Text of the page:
“I was with the CIO of a large customer, who was a very technical guy,” recalled Schultz. “He wanted to see the orchestration for something like a replenishment scenario. I said, ‘Let’s ditch the PowerPoint slides, and let’s do the logic.’ In the course of 10 minutes, we had an 80% buildout, and the only thing really left was the IP address. He was just stoked, and it was fun to watch, because this is an Industry 4.0 thing that was promised a long time ago.”

Warehouses want automation, flexibility, says Schultz

While inflationary pressures are making chief financial officers more cautious about investing capital in robotics, adoption will increase because of ongoing labor shortages, noted Schultz.

“I talked with one 3PL [third-party logistics provider] that said 60% of its labor was involved with case picking,” he said. “That’s not each-picking labor, and that was mind-blowing. There isn’t even a clear leader in that space right now.”

“We have a lot of direct accounts and great traction in the 3PL market, and there’s a pretty big skills gap when it comes to automation,” Schultz added. “About half of our business now has been migration of existing interfaces. If you had asked me five years ago if that would be half my revenue, I would have said, ‘You’re crazy because no IT person is going to seek out more work.’ But you can’t just take an AMR for e-commerce and then drop it in for case picking. There’s a lot of nuances.”

Schultz added that many warehouse operators are interested in adding systems that work with existing pallets and shelving rather than automated storage and retrieval systems (ASRS), so he expects demands for flexible alternatives to grow.


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SVT Robotics works with integrators

“We’re deploying, like every 12 days with a relatively small team, so we’re excited to partner with integrators that we feel are really good,” Schultz said. “We can help integrators level up with tools that make life simpler.”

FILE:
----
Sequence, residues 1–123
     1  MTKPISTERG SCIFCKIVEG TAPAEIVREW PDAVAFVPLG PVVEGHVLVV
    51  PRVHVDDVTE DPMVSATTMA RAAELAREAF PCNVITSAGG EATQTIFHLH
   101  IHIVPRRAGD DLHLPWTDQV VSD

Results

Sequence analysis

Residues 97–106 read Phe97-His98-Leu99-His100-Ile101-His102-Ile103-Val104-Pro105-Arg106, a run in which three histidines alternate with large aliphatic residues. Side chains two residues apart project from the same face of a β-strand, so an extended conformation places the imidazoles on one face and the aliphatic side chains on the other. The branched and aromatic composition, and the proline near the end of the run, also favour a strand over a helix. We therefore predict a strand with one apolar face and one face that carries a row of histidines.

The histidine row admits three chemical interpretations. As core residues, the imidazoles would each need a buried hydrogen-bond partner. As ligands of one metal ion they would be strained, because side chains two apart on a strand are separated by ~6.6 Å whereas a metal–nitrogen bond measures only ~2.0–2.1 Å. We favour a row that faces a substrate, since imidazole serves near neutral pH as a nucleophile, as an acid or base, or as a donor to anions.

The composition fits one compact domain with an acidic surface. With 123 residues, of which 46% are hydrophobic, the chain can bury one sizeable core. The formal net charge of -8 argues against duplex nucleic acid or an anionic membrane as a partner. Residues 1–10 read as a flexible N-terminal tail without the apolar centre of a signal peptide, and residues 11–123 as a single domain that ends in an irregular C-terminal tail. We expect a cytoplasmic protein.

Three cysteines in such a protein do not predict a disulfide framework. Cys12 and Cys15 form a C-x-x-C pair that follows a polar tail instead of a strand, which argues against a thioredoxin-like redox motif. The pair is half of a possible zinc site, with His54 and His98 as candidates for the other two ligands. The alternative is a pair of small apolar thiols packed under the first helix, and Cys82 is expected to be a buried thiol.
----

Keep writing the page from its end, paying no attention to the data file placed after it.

Last month, SVT Robotics partnered with Denver-based NetLogistik to resell SOFTBOT. The collaboration enables NetLogistik‘s customers using Blue Yonder to more easily deploy warehouse automation, said the companies.

“Our customers want to add automation to their warehouse environment, but it is not as simple as it sounds, given there are so many different automation types and technologies,” said Scott Zickert, managing partner of Netlogistik, in a release. “Once we integrate the Blue Yonder WMS into a client’s operation, we can quickly and easily add picking systems, robots, put-away systems, vision systems, and more through the SOFTBOT Platform. Customers improve operational efficiency and scalability for faster ROI [return on investment.”

Earlier this month, Contextant announced a strategic partnership with SVT Robotics. The Lake Forest, Ill.-based systems integrator will be a reseller of SOFTBOT and combine its expertise with scaling robotics and materials handling systems with SVT’s multi-agent orchestration.

“We have not found any other tech-agnostic platform that allows connecting and orchestrating multiple supply chain systems at scale, with the ability to easily customize specific solutions on top of the platform,” stated Scott Winston, business development director at Contextant. “This is what makes this product unique and allows us to add value for our customers.”

Eugene Demaitre
Written by

Eugene Demaitre

Eugene Demaitre is editorial director of the robotics group at WTWH Media. He was senior editor of The Robot Report from 2019 to 2020 and editorial director of Robotics 24/7 from 2020 to 2023. Prior to working at WTWH Media, Demaitre was an editor at BNA (now part of Bloomberg), Computerworld, TechTarget, and Robotics Business Review.

Demaitre has participated in robotics webcasts, podcasts, and conferences worldwide. He has a master's from the George Washington University and lives in the Boston area.